The debate over the definition of marriage has unfolded across America for several years, and is the subject of the proposed amendment on the November ballot to preserve marriage in Minnesota.
But what is the debate really about, how does it affect society, what’s at stake — and who should decide?
What’s at stake are two competing definitions of marriage. One definition — advocated by gay marriage activists — defines marriage as the union of any two people regardless of gender. The other definition, contained in the amendment and reflective of the collective understanding of virtually every nation throughout recorded history, is that marriage is the union of one man and one woman.
Why has virtually every society defined marriage as the union of one man and one woman? The answer can be summarized in one word: children. Protecting the interests of children is the primary reason that government regulates and licenses marriage.
Marriage is the most pro-child institution we have —and the only institution that connects children with their parents. Marriage between a man and a woman protects and promotes the well-being of children by allowing the child to benefit from being loved and raised by both her father and mother. Marriage says to society: For every child born, there is a recognized mother and father, accountable to the child and each other. One of the objections against the marriage amendment is that it’s unnecessary because same-sex marriage is already illegal in Minnesota. This is a short-sighted argument that ignores the fact that marriage is currently under assault in our state Legislature and our courts. In the 2009–10 legislative session, five bills were presented to redefine marriage. A prominent legislative leader, state Sen. John Marty, publicly promised to redefine marriage at the earliest opportunity and introduced legislation last session to do just that.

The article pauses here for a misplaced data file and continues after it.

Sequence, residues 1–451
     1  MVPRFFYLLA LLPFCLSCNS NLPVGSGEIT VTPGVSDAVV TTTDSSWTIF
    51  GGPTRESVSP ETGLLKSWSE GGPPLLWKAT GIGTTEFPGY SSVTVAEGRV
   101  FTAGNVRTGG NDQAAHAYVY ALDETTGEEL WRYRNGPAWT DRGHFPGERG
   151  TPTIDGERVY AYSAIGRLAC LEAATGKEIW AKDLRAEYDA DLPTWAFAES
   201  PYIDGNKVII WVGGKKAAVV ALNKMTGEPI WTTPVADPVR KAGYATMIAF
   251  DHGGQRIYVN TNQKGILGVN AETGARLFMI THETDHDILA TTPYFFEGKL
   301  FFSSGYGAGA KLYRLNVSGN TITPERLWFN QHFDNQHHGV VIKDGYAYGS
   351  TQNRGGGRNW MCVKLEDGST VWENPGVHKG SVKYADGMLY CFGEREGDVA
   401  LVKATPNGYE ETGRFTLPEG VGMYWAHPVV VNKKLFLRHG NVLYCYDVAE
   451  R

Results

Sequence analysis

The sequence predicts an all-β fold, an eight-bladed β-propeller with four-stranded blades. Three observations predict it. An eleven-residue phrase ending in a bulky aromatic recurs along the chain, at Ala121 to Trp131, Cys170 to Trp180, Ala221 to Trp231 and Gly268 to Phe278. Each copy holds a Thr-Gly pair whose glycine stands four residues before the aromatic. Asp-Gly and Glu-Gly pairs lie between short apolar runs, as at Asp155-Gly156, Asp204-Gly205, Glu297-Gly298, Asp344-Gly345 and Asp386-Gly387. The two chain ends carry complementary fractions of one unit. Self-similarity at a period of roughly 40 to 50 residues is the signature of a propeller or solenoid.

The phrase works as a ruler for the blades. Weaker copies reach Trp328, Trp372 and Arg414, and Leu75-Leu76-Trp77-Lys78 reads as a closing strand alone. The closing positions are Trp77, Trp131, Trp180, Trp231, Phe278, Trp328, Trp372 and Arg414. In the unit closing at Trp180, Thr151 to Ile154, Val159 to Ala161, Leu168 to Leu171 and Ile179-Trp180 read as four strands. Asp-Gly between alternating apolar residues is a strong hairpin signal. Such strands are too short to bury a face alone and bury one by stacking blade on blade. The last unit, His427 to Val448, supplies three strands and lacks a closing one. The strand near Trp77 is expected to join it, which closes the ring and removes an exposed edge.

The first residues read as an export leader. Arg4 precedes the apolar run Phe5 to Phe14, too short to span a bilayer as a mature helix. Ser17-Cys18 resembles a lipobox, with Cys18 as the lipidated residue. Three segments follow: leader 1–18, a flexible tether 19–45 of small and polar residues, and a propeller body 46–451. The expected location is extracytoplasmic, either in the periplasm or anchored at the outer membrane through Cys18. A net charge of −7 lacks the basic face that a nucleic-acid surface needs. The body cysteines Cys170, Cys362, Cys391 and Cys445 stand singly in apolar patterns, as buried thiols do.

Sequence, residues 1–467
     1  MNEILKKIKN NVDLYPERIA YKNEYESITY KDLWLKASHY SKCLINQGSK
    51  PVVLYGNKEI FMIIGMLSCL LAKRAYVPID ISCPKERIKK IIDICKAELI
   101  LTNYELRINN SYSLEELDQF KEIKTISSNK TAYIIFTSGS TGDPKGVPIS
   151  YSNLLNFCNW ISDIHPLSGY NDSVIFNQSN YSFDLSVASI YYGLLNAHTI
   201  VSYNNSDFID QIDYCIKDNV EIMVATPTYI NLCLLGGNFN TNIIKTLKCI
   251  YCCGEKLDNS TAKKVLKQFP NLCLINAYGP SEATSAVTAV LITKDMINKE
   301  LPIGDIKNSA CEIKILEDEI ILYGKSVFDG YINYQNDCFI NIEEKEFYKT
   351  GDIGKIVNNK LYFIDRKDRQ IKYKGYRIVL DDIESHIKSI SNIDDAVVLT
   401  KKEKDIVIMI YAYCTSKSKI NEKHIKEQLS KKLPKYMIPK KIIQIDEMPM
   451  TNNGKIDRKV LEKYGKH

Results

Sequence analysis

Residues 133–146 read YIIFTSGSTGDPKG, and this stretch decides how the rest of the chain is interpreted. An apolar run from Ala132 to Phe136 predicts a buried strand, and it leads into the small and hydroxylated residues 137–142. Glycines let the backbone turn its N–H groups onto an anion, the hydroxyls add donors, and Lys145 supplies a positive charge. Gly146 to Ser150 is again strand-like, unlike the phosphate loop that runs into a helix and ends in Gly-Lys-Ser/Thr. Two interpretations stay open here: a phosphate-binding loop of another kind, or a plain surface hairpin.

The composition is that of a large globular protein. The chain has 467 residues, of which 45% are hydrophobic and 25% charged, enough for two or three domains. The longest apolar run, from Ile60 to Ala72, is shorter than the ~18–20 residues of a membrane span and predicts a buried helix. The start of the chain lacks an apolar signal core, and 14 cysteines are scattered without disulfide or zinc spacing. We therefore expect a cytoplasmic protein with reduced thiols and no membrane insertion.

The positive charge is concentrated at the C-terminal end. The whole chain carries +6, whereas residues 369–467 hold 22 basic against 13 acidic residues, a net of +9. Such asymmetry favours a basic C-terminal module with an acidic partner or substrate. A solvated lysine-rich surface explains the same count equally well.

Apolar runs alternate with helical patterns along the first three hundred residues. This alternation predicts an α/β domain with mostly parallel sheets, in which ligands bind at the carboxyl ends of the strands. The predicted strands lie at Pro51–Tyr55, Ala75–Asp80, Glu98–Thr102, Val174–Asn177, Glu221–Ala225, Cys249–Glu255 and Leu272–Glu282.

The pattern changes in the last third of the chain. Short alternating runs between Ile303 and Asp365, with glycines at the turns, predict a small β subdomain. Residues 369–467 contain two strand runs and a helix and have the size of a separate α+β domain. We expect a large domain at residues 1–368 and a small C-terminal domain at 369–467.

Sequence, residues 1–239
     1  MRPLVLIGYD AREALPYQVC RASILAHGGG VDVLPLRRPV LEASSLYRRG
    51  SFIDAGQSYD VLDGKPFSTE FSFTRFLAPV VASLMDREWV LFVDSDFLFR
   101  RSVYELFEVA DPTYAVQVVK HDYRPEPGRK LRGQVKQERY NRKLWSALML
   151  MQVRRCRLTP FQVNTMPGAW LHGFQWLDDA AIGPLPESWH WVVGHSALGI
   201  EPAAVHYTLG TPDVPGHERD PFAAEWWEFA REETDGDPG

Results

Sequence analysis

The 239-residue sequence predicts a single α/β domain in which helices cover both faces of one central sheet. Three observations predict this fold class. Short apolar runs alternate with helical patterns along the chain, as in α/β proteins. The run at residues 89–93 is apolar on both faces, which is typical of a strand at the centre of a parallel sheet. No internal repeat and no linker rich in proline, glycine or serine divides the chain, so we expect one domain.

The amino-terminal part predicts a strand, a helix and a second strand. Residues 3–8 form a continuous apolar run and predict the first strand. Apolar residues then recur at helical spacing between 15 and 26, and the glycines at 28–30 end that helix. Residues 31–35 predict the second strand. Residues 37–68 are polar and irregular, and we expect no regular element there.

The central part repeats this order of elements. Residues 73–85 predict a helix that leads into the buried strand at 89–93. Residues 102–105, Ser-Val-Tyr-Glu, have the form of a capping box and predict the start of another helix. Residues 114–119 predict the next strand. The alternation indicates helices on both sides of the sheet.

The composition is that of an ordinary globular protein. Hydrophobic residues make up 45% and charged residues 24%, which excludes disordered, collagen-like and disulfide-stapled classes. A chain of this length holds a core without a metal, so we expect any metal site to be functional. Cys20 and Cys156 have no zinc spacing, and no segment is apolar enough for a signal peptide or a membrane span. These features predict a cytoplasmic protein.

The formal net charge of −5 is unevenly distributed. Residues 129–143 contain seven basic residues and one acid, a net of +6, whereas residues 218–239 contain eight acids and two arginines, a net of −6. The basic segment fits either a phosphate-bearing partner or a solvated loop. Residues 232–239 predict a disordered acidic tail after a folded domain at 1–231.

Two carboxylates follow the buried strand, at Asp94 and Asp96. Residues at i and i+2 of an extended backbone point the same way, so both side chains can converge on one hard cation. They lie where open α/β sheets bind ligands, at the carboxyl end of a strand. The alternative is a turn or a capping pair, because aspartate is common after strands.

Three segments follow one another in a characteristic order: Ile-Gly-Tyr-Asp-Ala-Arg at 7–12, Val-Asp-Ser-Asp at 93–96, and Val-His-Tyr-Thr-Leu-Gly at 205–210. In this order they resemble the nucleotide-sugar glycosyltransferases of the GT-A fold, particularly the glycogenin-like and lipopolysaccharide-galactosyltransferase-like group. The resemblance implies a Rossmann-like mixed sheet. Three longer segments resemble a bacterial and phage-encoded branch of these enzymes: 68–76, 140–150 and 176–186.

Even more troubling is a lawsuit pending in Hennepin County. Same-sex couples are demanding that the county registrar issue marriage licenses to them and that Minnesota judges invalidate our marriage laws — putting marriage on trial in Minnesota. This is exactly the type of lawsuit that led to the imposition of same-sex marriage in Iowa, California, and Massachusetts. The answer to these threats is the Marriage Protection Amendment. The amendment secures our traditional definition of marriage as the union of one man and one woman into our state constitution where it is safe from meddling by activist judges and politicians.
If this pending lawsuit or legislation succeed in redefining marriage in Minnesota, there will be profound consequences for religious organizations, individuals and small businesses. Those who don’t agree with this new definition of marriage as a genderless institution existing for the benefit of adults — not children — will be treated under the law like racists and bigots, and will be punished for their beliefs. This is already occurring.
Religious groups who have refused to make their facilities available for same-sex couples have lost their state tax exemption. Religious groups like Catholic Charities in Boston and Washington, D.C. had to choose between fulfilling their social mission based on their religious beliefs or acquiescing to this new definition of marriage. They were forced to close their charitable adoption agencies.
Whenever schools educate children about marriage they will have no choice but to teach this genderless institution. In Massachusetts, kids as young as second grade were taught about gay marriage in class. The courts ruled that parents had no right to prior notice, or to opt their children out of such instruction.
More importantly, shifting the focus of our marriage laws away from their interests in children and onto the desires of the adults involved in a same-sex relationship, will result in profound long-term consequences. Such a paradigm shift says to children that mothers and fathers don’t matter — any two parents will do.
What the election really comes down to is this: Who should decide the definition of marriage in Minnesota? We believe it should be you — the voters. Our opponents think that judges and politicians know better than voters and they should be free to redefine marriage when it suits them.
Our opponents are fond of saying that they are engaging in a conversation with voters about the proper definition of marriage in Minnesota. But the only way to ensure that voters always have control of that conversation — indeed, of ensuring that voters are even included in the conversation — is to pass the marriage protection amendment.
Vote “Yes” on the Marriage Protection Amendment Nov. 6. — Chuck Darrell, director of communications, Minnesota for Marriage